A really cool remote-control MaxxFan tore me away from the fine people at Fantastic Vent. A portable 2000w Yammy genny, a superior machine to the popular Honda EU series, juices things up when demand exceeds what the solar panels and battery bank can offer.


When I'm done, it will hopefully look something kindasorta like this:




Might as well throw in the boat - super cool 15' 1957 Crestliner V-hull that handles rough stuff really well, yet drafts in just 6" of water. Got it on ebay from a local seller for almost nothing, paid for it with money gained selling racing tix won on the radio, then sold the mismatched trailer for more than I paid for the whole banana.


A saltwater-worthy galvanized trailer was over $1000, so I found a trashed one on Craigslist with a beautiful frame for $100, put a weekend and a couple hundred more bucks in it and was rewarded with a very nice, strong trailer. My old man slid me his old Nissan 2 stroke. BAM! Where's the Gone Fishin' sign? I used to have a nice bass boat, yet I catch more fish from this rig.


When towing a boat is not practical, a nice inflatable 11' catamaran and Nissan outboard are stored inside. I'll dig up a Viair compressor and tank for the boat and whatnot soon, then maybe add ARB lockers to both axles once the compressor is in place.


Now, the closer. The 4Runner + Lexus + Billy + Boat + Trailer ensemble tallies up at under $20K. I should get $7K for the Sunrader, so $13K and zero interest paid, obviously. TOTAL. Fellow bigfooters, you do not have to get taken to the cleaners in order to abundantly enjoy very well-equipped outdoor fun.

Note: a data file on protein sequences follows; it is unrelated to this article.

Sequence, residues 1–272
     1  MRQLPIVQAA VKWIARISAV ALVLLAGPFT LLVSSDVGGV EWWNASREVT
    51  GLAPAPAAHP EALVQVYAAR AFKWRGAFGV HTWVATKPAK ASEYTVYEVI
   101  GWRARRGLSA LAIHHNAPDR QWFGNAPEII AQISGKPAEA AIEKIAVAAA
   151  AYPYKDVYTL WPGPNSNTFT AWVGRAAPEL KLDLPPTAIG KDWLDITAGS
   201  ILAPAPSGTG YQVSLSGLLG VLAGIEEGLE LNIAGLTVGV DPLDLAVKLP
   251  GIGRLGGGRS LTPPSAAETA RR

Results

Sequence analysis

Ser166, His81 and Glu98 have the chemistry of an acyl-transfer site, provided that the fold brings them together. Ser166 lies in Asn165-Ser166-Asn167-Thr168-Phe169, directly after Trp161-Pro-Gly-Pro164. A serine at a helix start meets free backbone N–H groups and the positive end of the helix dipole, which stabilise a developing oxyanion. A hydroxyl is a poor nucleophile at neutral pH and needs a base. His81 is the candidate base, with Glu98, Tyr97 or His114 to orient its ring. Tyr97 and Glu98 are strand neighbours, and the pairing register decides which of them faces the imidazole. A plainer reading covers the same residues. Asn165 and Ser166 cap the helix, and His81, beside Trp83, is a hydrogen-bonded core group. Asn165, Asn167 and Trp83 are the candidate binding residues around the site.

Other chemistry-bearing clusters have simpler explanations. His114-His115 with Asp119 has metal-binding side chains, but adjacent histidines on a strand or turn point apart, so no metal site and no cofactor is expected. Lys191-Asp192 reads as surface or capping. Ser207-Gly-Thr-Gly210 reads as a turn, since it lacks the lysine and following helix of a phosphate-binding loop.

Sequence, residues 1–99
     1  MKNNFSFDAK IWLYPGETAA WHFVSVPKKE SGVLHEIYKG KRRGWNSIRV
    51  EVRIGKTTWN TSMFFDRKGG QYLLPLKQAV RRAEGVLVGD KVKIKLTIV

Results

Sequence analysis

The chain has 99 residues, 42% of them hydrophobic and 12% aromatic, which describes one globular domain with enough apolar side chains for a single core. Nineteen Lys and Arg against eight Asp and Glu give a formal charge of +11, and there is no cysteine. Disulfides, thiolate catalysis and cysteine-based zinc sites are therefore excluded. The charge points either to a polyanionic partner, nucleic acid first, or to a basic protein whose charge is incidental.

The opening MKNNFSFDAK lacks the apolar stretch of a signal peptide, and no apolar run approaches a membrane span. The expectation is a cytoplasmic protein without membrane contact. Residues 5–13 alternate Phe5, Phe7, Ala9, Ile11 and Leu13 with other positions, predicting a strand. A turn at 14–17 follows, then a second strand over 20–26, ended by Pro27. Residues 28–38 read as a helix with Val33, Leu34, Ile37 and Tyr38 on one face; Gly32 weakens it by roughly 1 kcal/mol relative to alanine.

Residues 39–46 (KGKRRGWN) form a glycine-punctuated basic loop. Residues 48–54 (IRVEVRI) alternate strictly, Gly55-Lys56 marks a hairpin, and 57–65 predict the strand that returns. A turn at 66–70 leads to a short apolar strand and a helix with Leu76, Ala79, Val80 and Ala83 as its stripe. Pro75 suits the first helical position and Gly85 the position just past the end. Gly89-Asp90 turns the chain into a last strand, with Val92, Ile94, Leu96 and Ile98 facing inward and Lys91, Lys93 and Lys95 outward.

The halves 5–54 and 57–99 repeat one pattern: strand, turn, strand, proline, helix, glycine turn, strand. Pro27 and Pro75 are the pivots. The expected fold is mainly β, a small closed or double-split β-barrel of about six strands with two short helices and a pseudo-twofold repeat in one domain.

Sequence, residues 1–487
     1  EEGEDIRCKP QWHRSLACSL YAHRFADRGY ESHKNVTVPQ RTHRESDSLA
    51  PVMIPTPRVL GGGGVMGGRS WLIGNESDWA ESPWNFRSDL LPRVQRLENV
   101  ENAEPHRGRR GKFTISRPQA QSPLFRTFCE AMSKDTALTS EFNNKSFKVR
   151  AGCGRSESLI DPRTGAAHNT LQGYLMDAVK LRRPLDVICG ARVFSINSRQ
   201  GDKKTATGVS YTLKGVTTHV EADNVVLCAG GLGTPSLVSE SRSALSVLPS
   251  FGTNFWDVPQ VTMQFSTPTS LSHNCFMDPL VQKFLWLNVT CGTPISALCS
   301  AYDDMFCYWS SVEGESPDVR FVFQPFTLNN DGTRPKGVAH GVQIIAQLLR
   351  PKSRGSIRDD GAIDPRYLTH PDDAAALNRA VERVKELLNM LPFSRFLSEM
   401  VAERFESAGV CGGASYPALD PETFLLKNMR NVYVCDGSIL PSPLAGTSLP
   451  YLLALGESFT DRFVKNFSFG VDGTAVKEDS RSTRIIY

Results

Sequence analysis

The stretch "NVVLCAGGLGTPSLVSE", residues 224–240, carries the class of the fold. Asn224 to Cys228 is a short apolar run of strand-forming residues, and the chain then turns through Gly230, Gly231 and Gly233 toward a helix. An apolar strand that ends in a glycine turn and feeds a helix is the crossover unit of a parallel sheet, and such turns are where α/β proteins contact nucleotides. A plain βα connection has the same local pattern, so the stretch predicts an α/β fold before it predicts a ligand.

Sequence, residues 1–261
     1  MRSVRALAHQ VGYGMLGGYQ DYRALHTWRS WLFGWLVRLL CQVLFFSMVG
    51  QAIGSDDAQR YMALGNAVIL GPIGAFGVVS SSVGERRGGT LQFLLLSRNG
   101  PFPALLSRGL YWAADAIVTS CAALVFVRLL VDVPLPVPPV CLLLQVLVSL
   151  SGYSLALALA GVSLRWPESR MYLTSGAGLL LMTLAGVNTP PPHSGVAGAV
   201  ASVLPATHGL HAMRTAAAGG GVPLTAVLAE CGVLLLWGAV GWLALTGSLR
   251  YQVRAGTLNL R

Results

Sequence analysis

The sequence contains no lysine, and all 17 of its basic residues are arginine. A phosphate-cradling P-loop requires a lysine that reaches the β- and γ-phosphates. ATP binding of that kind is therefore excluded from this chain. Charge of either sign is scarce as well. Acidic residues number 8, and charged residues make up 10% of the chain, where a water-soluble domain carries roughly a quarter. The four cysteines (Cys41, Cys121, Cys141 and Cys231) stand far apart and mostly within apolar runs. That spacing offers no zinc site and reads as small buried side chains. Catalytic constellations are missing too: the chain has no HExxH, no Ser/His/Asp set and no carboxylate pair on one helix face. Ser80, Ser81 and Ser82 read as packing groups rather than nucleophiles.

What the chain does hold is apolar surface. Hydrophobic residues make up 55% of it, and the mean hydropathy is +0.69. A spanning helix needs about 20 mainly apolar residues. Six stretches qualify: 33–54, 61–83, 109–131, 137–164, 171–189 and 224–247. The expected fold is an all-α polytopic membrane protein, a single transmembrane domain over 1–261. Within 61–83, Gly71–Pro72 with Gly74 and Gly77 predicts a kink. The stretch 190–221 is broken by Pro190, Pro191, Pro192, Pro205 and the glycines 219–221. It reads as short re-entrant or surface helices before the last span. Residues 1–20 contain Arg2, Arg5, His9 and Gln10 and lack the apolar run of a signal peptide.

Billy should be fishin' and squatchin' in a month or so, and over time I'll spare no effort to make him as effective and comfortable as possible.

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My Ride

Hyundai Santa Fe 
4 cylinder 2.4 L engine

not much but own it out right. I owe nobody nothing for it. 

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That's the way to do it BVW, nice rig(s). Heck of a lot less expensive than a Sportsmobile.

Edited by Kiwakwe
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Thanks! I somehow was unfamiliar with the Sportsmobile. Saw a rough equivalent to Billy for $120K, used, and it's not even self-contained. If I shelled out that kind of dough, yet was squatting over a cathole behind a bush (or fighting with a Porta-Potti), I'd be pretty bummed out. Thank goodness one can achieve excellent results for dirt cheap.


And, while on the subject, I declined to run a water line to the toilet in typical RV fashion. Instead, I plumbed a sink sprayer in the bathroom on a long hose. We call it the "Kentucky bidet". It allows total control over water usage, reduces paper in the tank, and elevates personal cleanliness to a pleasing new level, which is especially useful because, well, um, we like to party when we camp :yahoo: . Within a month I'd teed in sink sprayers in all our household restrooms.


While vigorously using the Sunrader, we made note of every deficiency and annoyance encountered in the field and now have gone on a mission to crush them all the second time around. Lookin' good so far.